Given a choice, Russell Frederick would much rather be on the street photographing the multi-cultural neighborhood of Bedford-Stuyvesant in Brooklyn, N.Y., than doing just about anything else.
“Capturing people as they are, just informing the world, challenging people to think a bit differently … not being the voice of people but giving a platform to the people in the community—my camera records all the greatness I see,” Frederick said during a phone interview.
A Brooklynite by birth to Panamanian parents, Frederick started out studying architecture and nursing but decided to take one photography class at the International Center of Photography and quickly fell in love with taking pictures. No one else in his family had ever pursued a career as an artist—“You have to be out of your mind,” he said with a laugh about his family’s reaction—and Frederick couldn’t afford to take another photography class, so he began scouring bookstores for photo books to soak up as much as he could about the craft. He was also fortunate to have Magnum photographer Eli Reed as his neighbor. Reed became Frederick’s mentor, eventually helping him get a job handling drop-offs at Magnum. “I learned a whole lot just looking at the contact sheets of the photographers there,” Frederick said.
Frederick prefers to shoot with his Rolleiflex camera and, when he has some, black-and-white film. “There is a certain classic appeal that black-and-white film has,” Frederick said. “When you think about life, it comes down to black and white and shades of gray. The world exists in color, but black and white can simplify things in a way that may seem artistic or nostalgic but most of all just timeless.”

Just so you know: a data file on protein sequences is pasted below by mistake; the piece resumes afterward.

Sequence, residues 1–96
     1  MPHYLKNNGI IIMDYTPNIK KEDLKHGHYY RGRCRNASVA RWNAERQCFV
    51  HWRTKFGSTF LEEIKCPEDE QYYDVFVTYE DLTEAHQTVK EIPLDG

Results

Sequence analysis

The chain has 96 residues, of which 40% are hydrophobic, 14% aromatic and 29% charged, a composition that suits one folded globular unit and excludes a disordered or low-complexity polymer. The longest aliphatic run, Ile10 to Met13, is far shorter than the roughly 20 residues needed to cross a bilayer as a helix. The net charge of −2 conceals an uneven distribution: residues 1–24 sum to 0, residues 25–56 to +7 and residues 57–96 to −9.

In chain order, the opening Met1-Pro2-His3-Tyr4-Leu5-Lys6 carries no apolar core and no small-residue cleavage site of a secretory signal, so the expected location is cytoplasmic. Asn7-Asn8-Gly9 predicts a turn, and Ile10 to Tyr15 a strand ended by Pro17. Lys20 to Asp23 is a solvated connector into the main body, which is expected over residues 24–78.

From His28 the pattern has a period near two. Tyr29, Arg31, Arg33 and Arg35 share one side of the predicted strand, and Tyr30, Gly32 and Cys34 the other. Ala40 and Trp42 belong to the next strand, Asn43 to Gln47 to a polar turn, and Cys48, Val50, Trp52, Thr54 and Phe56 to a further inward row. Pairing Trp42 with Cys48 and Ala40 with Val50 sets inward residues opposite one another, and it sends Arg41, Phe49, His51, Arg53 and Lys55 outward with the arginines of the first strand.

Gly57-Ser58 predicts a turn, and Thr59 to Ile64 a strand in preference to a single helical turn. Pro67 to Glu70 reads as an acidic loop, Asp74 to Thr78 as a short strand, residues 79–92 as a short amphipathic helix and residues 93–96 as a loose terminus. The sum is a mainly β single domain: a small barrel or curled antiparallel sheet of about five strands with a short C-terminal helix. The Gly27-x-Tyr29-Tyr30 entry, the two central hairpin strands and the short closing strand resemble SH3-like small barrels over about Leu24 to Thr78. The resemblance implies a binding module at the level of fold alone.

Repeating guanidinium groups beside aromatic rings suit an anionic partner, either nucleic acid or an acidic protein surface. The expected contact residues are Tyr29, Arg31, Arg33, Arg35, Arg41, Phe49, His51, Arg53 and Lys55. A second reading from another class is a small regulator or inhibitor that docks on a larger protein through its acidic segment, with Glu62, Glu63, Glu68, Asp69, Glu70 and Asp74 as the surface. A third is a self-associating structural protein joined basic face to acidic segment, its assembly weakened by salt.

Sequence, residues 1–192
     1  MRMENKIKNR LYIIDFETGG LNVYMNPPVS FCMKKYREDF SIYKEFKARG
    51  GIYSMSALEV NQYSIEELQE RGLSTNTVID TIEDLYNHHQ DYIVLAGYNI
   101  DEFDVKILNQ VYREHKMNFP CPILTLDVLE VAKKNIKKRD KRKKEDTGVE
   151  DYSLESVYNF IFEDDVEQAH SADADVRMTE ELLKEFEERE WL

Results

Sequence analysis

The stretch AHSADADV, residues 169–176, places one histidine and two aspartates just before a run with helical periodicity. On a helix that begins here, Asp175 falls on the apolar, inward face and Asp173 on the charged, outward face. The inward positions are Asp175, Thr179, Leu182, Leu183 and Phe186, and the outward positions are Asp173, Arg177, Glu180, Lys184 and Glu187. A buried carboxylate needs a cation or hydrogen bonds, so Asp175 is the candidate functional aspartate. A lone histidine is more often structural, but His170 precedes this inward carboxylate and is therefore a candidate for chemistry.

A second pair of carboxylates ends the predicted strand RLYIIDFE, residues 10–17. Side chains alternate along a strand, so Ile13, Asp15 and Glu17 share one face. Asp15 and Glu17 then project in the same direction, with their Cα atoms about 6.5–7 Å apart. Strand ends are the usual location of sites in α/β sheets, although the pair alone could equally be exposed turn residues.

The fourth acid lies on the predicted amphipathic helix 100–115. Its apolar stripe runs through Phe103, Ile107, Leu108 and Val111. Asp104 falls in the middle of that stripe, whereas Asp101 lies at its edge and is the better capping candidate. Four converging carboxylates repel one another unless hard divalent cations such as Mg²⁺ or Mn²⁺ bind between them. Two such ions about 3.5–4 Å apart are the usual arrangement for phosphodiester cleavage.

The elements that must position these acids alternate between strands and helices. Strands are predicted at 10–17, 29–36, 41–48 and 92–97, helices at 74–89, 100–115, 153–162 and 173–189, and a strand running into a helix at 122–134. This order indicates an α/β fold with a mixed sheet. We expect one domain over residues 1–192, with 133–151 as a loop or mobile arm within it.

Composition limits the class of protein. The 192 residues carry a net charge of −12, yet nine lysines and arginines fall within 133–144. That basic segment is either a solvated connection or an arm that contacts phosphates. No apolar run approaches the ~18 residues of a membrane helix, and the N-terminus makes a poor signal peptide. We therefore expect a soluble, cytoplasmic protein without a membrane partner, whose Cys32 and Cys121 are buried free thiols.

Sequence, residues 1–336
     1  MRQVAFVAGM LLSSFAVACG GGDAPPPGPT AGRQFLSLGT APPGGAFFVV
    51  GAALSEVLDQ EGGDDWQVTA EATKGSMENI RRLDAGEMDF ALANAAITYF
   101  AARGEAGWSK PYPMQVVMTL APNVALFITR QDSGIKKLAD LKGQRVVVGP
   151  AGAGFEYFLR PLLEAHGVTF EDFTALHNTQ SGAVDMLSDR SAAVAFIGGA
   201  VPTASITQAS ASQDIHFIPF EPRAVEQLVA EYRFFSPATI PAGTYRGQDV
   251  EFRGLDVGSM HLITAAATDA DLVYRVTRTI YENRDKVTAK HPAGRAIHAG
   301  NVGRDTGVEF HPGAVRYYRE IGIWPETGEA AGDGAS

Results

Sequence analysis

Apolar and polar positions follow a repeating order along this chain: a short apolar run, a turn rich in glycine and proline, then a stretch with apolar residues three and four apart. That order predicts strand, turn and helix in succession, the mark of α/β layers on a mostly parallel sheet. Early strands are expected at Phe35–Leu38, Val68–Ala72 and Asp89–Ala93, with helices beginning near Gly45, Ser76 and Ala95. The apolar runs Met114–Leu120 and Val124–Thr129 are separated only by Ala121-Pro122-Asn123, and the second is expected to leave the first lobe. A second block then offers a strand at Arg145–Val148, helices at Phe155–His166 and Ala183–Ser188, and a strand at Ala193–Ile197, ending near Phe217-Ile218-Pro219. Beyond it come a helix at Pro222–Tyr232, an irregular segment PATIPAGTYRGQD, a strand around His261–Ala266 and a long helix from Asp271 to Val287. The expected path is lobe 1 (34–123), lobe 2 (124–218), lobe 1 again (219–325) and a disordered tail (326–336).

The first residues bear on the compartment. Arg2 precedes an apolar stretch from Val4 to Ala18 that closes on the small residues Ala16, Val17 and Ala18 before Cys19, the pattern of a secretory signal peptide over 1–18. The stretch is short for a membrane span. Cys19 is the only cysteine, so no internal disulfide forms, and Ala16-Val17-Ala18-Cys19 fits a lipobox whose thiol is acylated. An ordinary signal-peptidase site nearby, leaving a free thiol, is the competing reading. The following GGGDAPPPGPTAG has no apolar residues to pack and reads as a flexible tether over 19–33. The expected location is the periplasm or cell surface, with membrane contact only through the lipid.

Over the years, Frederick has watched Bed-Stuy evolve and gentrify rapidly, as has been the case in many New York City neighborhoods. He said although there has always been coverage of the neighborhood, much of it focused on the negative aspects of the community rather than its virtues. Frederick said he prefers to focus on the diversity of the cultures and individuals who make up the neighborhood while trying to capture as many moments as possible.
Frederick said that watching the Bedford-Stuyvesant real-estate market boom and many small businesses close down as a result has made him appreciate the value of documenting the neighborhood for as long as he has. “Whenever I pick up a camera, I’m trying to uplift,” he said. “I hope I have honored the community and the good people of Bed-Stuy who haven’t gotten a fair shake. The community needs to be honored, and the pioneers need to be honored.”